How to Follow Your Gut—And Why You Always Should
Career Fit

How to Follow Your Gut—And Why You Always Should


Law students and new attorneys often reach out to me for advice on how to enter the in-house world. I enjoy sharing my story—not only because it is hardly the norm, having started in-house directly from law school without spending time at a traditional firm, but also because my current role is one that came about by following my gut.

From the time I started law school, I knew I wanted to use my degree in a way that was closely tied to my interest in arts and culture. So after graduating from law school in 2005, I turned my attention to the field of Intellectual Property, earning a Master of Laws (LL.M.) the following year. During that time, I had an externship with music licensing heavyweight BMI, which is where I encountered my first in-house attorney. I immediately knew that in-house was for me, loving the idea of advising a business as opposed to individual clients, with the opportunity to contribute to a company on a broader scale.

When I’d share with lawyers that I was planning to find an in-house role straight out of school, my enthusiasm was met with doubt. Even with an LL.M, common thinking was that the only way to score that kind of gig was to start at a firm. But I was steadfast, determined to follow my gut.

A few months post-LL.M., I proved the skeptics wrong, landing an in-house position at New York City’s 92nd Street Y, a large and well-respected cultural and community center that was growing its legal team from one to two. At the time, the 92nd Street Y had begun widening its reach by making its programs available through third party media outlets and this required extra support in the area of rights clearance. While the job description didn’t exactly meet all of my criteria, as I knew I wanted to contribute across the board in the legal department, I believed this was a great starting point—an entrée into in-house lawyering.

And it certainly was—I grew up as an attorney at the 92nd Street Y, elevating my title from Legal & Copyright Clearance Coordinator to Staff Attorney to Associate Director of Legal Affairs. As planned, I threw myself into and contributed to the organization’s many businesses—sharing ideas, going to as many meetings and events as I could, and highlighting my skillset well beyond that of a traditional lawyer. After nearly 7 years, my gut kicked in again. Just as I knew out of law school that I wanted to work in-house, I now found myself feeling I was ready for my next opportunity.

It was around this time that I discovered SoulCycle. I was never particularly athletic, and exercise always felt like a chore. But SoulCycle, with its emphasis on a mind/body connection, was different. It was love at first ride. Each time I left class, I felt like a better version of myself. And, in the narrow hallway of this inspiring indoor cycling studio is also where I met my husband. SoulCycle was clearly a special place for me.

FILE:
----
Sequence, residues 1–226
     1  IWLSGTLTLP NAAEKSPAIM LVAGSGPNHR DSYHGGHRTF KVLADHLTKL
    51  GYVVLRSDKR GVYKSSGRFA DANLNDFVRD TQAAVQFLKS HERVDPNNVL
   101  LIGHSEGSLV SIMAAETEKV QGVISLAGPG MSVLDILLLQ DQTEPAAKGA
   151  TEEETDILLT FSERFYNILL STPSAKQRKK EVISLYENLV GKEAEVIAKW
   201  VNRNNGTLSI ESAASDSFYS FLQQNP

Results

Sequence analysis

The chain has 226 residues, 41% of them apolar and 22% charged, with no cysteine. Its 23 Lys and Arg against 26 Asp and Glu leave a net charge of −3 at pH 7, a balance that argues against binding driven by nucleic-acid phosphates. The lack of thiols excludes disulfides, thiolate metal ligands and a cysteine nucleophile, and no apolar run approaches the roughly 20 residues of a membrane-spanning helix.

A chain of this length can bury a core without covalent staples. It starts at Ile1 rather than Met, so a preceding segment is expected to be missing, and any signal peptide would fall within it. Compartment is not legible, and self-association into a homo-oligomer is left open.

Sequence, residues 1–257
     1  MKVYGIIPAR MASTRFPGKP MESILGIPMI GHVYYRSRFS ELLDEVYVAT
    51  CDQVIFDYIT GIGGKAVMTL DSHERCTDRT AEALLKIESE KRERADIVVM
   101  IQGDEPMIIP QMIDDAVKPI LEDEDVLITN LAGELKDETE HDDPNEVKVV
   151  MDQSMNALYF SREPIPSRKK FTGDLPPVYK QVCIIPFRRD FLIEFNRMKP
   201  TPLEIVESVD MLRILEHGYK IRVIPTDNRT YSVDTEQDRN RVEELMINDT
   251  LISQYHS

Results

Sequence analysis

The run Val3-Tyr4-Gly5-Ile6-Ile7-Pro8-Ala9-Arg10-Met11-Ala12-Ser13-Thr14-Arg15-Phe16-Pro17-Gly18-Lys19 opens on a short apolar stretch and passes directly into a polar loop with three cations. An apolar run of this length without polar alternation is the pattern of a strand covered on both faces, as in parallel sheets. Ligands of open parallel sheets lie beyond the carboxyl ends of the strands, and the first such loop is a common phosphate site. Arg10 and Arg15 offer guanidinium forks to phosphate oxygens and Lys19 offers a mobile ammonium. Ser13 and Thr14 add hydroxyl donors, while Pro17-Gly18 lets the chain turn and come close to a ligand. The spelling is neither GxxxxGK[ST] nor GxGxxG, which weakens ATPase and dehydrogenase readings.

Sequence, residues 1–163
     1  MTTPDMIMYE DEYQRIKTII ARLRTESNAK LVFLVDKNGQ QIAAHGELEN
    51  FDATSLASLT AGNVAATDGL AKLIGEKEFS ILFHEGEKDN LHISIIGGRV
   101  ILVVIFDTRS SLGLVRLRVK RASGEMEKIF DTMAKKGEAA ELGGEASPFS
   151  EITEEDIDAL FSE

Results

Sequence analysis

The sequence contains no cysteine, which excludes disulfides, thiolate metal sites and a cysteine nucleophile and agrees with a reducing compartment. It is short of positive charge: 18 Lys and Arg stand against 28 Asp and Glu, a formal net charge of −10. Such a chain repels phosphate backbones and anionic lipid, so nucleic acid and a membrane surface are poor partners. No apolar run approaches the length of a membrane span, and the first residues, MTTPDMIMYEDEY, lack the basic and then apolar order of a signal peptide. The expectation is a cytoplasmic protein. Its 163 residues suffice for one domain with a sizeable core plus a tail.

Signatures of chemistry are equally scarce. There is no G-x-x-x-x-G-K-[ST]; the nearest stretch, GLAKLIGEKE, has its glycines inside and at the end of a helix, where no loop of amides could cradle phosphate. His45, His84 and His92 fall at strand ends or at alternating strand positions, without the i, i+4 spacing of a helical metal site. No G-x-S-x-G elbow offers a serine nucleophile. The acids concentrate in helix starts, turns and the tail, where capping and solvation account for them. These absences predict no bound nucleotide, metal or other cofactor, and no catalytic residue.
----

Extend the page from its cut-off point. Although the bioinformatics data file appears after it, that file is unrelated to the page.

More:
One summer Saturday at SoulCycle in Bridgehampton, I found myself out on the large deck, filled with riders socializing and shopping among the growing selection of SoulCycle retail gear. Taking in the scene, it appeared that the business was evolving, which made me think their corporate needs may also be evolving. Before we left, my then fiancé and I had the pleasure of running into one of the business’s co-founders. Our paths had previously crossed when I had the opportunity to inform the co-founders that they were our matchmakers!  

Once I returned home to the city, my gut got to work. I sent the co-founder an email, taking the opportunity to share my resume should the needs of the company expand in the legal realm. This is the way I look at listening to your gut. Zero regrets. Zero wondering. Go for it, and know you did.

This is the way I look at listening to your gut. Zero regrets. Zero wondering. Go for it, and know you did.

A few months later, I was invited to lunch at SoulCycle’s corporate offices. I was thrilled! I believed this could be a defining career moment. At the meeting, I shared what I knew I could bring to the table as an in-house attorney in a growing business model. I also knew from my years at the 92nd Street Y that I had more to offer beyond that of an attorney—from sharing concepts and ideas across departments to communicating with patrons. I learned that being more than an attorney is something that stayed with them from that meeting. About a month after that meeting, I started at SoulCycle and this February, I celebrated my two-year anniversary.

By following my gut, I landed my dream job. These are my tips for recognizing and following your gut, too:

1. Ignore Naysayers. 

Don't get discouraged by the opinions of others—if your gut is leading you in a particular direction, stay the course! {Click to tweet}

2. Trust Your Instincts. 

If you see a potential opportunity, go for it! Regardless of the outcome, there is much to learn and gain by putting yourself out there.

3. Believe In Yourself. 

Confidence is key. And, no one knows better than you what feels right. So don't be afraid to listen closely to your gut—whether it is leading you towards or away from a given job or opportunity. 

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The thing about “gutworking” too is that it doesn’t end with just the job offer. An in-house attorney is a company’s trusted advisor, and I tap into my gut each day in order to best carry out this role. 

I encourage everyone to listen to their gut, stay true to what they seek to do professionally or otherwise, and know you can make it happen.